Moss is a work of fiction in the literary, interpersonal drama, and slice of life subgenres. It is aimed at the adult reading audience, contains some explicit language and sexual situations throughout, and was penned by author Joe Pace. The ‘Moss’ of the title is the surname that belongs to the famed Isaiah Moss, a prolific writer. Our protagonist is his illegitimate son, Oscar, who has never dared to publish any of his own writing for fear of the long shadow his father’s legacy has cast. But when Oscar inherits his father’s writing cabin on Isaiah’s death, not only does he find an unpublished manuscript that could be his ticket to fame, but a tapestry of dark threads that made up many aspects of Isaiah’s life that Oscar never even knew about.

Author Joe Pace has crafted a thrilling work of literary fiction that homes in on character backstories to deliver a reflective and emotive tale of parental expectations, illusions, and secrets. Oscar is an especially well-developed central protagonist for the tale: a tortured soul with plenty to write about, but a powerfully stifling weight is placed upon him by his upbringing in Isaiah’s shadow. The novel is beautifully tense and well-paced as Oscar discovers more and more about his father that he really didn’t want to know, but along with him, we can’t look away as the darkness unfolds. Compelling and chilling, packed with drama and intrigue, I would certainly recommend Moss to readers who crave accomplished, high-quality fiction that still keeps a swift pace and delivers on every plotline.

Anelynde Smit

Moss by Joe Pace is a brilliantly written story. It follows the life of Oscar Kendall, the estranged son of Isaiah Moss, a world-famous writer, who finds out about the death of his father through other people. Oscar is left a cabin on the lake and goes to see what is inside, but nothing prepares him for the things he is about to find. He finds, among other things, Ruby Pierce, one of the many women with whom his father had affairs, and her granddaughter May, a war veteran with a beautiful face but a broken spirit. He also finds an unpublished manuscript which is possibly his father’s magnum opus. The story takes us from the broken relationship with the father-son dynamic to the healing of wounds long since forgotten about. It is an amazing look at the human heart and its ability to respect and hate at the same time because, as flawed as Isaiah Moss was, his son did respect him. What will he do with this manuscript no one knows about? What role will May play and how far is Oscar willing to go to accept his father’s unconventional style of parenting. This is a truly moving story with twists that you will not see coming; a must-read for anyone.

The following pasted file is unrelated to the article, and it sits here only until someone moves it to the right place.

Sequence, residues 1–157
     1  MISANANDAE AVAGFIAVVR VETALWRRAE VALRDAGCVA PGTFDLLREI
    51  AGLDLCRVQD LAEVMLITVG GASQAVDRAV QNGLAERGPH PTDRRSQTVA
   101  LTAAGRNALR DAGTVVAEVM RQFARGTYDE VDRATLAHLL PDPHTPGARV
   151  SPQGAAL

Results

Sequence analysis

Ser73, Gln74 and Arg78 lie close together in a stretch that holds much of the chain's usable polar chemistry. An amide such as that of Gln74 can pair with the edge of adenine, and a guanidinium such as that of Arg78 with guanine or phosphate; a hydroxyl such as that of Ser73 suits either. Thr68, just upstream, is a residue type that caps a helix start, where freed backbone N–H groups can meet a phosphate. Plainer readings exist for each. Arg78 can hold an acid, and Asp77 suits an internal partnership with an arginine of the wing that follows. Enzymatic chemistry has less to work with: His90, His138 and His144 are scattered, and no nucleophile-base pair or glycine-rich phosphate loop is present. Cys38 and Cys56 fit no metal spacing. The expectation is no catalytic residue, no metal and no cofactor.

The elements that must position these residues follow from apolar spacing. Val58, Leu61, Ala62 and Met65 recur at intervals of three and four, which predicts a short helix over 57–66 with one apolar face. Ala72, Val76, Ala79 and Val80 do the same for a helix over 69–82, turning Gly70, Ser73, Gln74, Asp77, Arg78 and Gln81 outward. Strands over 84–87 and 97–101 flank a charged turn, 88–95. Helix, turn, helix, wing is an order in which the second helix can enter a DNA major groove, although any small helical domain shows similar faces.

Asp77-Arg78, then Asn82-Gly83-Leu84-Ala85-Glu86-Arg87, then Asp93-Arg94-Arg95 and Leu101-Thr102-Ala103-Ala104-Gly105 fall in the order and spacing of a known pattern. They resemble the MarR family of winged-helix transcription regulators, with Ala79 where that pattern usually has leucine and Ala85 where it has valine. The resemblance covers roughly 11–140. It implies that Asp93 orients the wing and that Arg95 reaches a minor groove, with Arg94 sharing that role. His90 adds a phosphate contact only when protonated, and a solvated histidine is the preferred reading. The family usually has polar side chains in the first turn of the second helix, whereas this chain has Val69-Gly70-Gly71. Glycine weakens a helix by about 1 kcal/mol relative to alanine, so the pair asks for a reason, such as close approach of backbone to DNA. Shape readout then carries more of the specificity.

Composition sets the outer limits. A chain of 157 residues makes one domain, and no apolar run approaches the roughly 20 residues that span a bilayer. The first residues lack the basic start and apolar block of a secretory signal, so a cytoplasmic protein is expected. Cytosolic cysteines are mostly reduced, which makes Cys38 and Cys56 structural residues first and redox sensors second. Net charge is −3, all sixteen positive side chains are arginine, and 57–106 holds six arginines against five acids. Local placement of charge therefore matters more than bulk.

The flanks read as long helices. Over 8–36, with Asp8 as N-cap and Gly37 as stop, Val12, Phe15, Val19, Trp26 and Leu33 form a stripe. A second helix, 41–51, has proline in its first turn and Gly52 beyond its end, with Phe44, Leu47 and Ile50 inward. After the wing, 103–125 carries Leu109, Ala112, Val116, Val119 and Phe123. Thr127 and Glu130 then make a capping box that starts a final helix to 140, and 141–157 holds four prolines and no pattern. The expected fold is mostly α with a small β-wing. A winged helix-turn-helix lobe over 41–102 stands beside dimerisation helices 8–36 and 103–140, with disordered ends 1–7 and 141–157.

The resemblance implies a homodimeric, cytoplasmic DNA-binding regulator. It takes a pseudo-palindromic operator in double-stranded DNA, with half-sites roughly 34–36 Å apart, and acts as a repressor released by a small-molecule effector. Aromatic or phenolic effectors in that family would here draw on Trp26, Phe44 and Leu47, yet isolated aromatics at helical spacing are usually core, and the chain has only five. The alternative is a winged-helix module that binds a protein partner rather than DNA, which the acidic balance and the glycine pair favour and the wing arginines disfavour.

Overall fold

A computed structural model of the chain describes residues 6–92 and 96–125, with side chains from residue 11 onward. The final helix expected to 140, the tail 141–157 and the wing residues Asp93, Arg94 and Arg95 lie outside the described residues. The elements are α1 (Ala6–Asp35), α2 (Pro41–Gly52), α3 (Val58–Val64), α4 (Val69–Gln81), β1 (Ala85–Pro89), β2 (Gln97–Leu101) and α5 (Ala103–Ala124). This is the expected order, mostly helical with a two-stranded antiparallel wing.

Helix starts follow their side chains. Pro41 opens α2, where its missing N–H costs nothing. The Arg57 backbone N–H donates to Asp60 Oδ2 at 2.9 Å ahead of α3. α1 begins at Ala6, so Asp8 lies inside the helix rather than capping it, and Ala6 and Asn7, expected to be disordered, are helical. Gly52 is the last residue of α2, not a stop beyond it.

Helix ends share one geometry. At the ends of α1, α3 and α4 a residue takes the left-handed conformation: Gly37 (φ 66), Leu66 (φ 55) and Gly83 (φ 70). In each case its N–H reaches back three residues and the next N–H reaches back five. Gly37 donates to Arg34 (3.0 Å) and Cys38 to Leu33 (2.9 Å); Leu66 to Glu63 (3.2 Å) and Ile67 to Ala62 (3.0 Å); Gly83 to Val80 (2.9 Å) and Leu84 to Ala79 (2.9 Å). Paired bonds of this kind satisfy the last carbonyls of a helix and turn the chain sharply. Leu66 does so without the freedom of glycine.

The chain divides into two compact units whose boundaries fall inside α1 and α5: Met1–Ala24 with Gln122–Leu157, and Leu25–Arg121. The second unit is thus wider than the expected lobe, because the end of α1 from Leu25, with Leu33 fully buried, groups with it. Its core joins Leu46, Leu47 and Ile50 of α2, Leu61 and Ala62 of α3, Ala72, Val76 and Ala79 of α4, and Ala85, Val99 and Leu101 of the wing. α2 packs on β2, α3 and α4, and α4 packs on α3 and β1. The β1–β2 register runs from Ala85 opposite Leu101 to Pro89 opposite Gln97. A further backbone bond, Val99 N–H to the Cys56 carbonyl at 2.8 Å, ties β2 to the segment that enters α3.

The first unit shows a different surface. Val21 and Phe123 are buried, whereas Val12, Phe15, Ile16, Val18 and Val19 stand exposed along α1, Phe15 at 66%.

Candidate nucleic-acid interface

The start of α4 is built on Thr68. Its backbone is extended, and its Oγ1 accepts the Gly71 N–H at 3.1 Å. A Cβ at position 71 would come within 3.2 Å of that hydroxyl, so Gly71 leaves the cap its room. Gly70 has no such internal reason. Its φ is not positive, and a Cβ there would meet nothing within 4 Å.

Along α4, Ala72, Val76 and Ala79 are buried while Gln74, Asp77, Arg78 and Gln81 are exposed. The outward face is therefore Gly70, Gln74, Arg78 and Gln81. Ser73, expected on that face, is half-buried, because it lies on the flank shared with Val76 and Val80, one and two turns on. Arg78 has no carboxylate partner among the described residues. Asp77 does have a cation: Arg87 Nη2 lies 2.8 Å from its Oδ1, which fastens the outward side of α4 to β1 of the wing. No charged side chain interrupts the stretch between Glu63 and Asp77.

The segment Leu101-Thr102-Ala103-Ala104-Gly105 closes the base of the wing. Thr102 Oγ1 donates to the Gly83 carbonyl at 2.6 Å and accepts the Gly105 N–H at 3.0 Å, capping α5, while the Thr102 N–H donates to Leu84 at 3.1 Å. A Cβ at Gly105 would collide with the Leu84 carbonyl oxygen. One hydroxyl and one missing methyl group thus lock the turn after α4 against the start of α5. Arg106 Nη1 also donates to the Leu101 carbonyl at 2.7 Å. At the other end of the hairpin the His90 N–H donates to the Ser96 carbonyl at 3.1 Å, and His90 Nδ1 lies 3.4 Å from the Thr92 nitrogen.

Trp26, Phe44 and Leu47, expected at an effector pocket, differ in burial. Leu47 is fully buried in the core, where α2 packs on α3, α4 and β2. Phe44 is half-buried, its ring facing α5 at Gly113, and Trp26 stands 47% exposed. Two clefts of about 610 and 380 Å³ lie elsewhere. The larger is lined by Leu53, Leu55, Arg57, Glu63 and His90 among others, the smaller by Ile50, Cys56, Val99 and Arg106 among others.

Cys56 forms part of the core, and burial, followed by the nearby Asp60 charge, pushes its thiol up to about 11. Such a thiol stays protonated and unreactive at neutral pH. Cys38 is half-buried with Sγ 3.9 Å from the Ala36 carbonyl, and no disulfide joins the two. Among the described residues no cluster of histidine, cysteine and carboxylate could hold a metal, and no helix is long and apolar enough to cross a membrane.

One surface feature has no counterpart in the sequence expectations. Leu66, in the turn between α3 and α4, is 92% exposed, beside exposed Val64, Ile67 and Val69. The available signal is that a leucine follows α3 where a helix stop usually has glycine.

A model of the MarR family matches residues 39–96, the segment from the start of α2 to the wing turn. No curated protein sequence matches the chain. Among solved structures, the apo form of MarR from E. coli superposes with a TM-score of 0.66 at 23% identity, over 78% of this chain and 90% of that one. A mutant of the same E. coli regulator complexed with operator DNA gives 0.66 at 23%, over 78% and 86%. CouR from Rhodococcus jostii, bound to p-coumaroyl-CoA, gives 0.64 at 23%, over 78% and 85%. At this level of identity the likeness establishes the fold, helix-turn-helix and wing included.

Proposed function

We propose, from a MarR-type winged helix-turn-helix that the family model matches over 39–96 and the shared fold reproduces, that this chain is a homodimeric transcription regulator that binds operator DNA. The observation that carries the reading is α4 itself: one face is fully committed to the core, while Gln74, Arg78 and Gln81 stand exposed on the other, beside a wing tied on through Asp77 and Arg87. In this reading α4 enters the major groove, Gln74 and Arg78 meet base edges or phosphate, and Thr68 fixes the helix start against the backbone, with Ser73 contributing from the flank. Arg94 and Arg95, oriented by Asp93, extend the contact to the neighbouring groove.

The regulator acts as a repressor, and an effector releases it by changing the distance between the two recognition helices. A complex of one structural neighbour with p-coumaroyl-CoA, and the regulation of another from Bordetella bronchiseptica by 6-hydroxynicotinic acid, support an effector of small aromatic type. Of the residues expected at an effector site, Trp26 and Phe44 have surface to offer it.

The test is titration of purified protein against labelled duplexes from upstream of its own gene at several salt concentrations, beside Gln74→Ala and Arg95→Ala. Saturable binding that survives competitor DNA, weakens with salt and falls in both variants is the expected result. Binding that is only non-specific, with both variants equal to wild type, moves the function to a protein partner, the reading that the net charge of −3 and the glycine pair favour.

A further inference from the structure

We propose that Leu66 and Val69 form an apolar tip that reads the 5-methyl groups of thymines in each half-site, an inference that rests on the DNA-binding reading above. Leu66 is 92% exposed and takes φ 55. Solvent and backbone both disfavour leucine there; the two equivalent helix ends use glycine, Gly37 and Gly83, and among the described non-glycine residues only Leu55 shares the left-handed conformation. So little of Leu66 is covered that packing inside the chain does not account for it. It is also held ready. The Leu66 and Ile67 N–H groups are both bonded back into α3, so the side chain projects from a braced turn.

Moss by Joe Pace is an incredible book. I really felt something reading this; the loss of his father might not be a huge event for him, but to the reader it really hits hard. You feel bad for Oscar and his estranged relationship with his father, especially the coldness in the tone of the letters, which was the only connection they had. You want to root for them to make up, but that doesn’t happen in the happy ending way you want to, and somehow that is very 'Moss'. I could really see this as a mini-series on TV with its vivid details provided by Pace. I loved every second of this book, and I really want to read the rest of his works. Moss is such a heavy story but went down so smoothly you get lost easily in the work, and with Oscar’s thoughts all written down, you become part of his world. I highly recommend this book to anyone.